CME Group, the company that has designed the new futures contracts, the trading would help plan for both expected and unexpected shortages and disruptions in water supply, that are becoming increasingly frequent.
Starting this week, the price of water will fluctuate just like oil, gold or wheat, CME Group reported. With this, water’s journey from an abundant, free resource to a metered, valued resource and now, possibly a ‘precious’ resource that will be coveted and even hoarded, is complete.
Water prices in California have doubled in the last year, based on the Nasdaq Velez California Water Index . To that extent, allowing futures trading in it like any other commodity like gold, oil etc, will allow for better management of the resource.
The current market in the US state is estimated at 1.1 billion dollars. With the NQH2O ticker , the price of water futures in California in first trades was trading today at about $ 486.53 per acre-foot , which is equivalent to 1,233 cubic meters. These futures contracts do not require physical delivery of water and are purely financial. They are based on the weekly price averaged across California’s top five watersheds through 2022. California has been a pioneer state when it comes to action on emissions, renewable energy, and now water. Expect the move to be followed in more states in due course.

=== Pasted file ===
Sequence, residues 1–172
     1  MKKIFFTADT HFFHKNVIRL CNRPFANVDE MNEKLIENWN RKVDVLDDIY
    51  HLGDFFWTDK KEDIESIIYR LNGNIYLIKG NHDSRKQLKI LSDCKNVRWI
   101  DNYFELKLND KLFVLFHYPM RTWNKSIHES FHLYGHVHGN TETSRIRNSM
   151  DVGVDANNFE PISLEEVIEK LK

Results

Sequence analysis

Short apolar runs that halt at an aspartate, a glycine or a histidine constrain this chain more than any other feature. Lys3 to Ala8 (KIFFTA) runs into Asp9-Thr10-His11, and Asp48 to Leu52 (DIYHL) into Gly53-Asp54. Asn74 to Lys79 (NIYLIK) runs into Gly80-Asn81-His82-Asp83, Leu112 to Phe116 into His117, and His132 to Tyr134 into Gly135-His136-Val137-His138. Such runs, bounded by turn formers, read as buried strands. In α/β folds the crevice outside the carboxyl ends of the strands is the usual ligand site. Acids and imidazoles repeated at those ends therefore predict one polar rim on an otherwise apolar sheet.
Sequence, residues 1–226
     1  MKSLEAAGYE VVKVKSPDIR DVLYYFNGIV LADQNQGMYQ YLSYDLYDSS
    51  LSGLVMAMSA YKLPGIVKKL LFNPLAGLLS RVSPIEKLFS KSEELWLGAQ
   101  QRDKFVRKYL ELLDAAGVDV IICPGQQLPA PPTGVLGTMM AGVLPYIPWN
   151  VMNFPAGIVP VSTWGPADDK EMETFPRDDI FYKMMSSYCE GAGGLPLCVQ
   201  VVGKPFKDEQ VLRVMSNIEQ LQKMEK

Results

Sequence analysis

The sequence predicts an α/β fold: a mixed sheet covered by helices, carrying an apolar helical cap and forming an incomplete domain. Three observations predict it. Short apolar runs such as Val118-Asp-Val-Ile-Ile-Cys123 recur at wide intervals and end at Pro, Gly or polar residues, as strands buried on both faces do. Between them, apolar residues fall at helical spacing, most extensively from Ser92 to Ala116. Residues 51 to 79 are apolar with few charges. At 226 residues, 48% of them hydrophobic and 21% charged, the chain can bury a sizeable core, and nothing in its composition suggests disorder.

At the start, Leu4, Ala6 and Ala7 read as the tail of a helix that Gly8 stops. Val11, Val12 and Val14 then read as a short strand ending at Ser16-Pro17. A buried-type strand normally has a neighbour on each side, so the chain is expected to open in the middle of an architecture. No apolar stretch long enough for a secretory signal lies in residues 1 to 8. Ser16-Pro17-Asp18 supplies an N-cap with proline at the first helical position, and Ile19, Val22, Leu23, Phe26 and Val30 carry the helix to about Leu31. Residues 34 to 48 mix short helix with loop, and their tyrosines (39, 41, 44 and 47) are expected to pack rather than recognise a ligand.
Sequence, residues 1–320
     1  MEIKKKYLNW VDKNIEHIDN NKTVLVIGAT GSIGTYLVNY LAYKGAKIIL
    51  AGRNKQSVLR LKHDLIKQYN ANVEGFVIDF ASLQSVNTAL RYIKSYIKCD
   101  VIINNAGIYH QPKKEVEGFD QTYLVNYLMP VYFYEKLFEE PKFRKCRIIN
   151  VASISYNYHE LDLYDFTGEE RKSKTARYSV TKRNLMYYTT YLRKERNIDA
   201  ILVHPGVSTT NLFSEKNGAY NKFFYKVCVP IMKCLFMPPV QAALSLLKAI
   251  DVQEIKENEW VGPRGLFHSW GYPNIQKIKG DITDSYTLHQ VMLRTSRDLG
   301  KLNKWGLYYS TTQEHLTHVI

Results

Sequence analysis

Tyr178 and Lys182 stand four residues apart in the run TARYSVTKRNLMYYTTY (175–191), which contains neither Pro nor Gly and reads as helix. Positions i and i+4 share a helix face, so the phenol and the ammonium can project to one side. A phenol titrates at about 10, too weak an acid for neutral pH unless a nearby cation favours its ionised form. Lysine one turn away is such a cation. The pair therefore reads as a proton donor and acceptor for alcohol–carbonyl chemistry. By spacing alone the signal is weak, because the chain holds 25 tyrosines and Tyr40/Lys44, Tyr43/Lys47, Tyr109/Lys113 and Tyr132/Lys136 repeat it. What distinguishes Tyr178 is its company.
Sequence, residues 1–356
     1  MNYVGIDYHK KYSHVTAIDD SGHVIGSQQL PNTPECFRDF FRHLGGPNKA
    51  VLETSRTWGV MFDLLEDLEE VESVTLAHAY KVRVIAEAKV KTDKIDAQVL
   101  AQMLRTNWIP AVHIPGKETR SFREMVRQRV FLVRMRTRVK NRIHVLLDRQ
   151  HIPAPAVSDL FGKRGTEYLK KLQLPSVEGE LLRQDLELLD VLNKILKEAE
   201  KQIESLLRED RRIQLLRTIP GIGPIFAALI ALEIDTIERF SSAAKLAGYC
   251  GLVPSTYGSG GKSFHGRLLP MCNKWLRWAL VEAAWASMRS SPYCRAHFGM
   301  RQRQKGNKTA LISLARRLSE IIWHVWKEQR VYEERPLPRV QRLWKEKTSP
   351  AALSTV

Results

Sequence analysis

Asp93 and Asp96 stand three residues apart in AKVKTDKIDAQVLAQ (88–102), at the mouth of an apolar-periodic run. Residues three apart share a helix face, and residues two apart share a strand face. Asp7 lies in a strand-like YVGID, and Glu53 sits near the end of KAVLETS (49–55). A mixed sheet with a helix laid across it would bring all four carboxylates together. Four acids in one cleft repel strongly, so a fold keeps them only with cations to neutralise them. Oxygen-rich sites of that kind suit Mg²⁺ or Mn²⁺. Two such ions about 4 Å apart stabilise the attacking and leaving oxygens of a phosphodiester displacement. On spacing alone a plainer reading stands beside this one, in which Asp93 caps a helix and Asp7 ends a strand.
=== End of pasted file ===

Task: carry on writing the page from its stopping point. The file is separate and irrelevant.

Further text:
.@Nasdaq Veles California Water Index (NQH2O) futures are here, the first-of-its kind tool to help market participants manage water supply and demand risk.
— CME Group (@CMEGroup) December 7, 2020
Water management has become an increasingly tricky issue across countries, and the effort to bring in a level of market dynamics into the field is a welcome experiment to see if that helps. Wars have been predicted, and fought over the precious resource now, with climate change only making things more difficult.
Thus, seasonal rainfall numbers don’t show the variability that is creeping in now, which is hurting both farmers and urban consumers alike. Thus India’s monsoons which have been normal to plentiful in the past three years, have been characterised by fewer but more intense ‘rainy’ days.
On the other end, you have China, the world’s second largest consumer, doing its best to perfect weather modification technologies which seek, among other things, to control rainfall over specific areas. Without a full understanding of its long term impact and impact on surrounding geographies beyond that country’s boundaries.
Market pricing of water is a distant dream for most countries for now, as even metering is not welcome, or not been done in most of the developing world. With close to 2 billion of the global population under water stress, the emotive issue offers no easy answers, beyond the obvious. Value the commodity, and use it sustainably.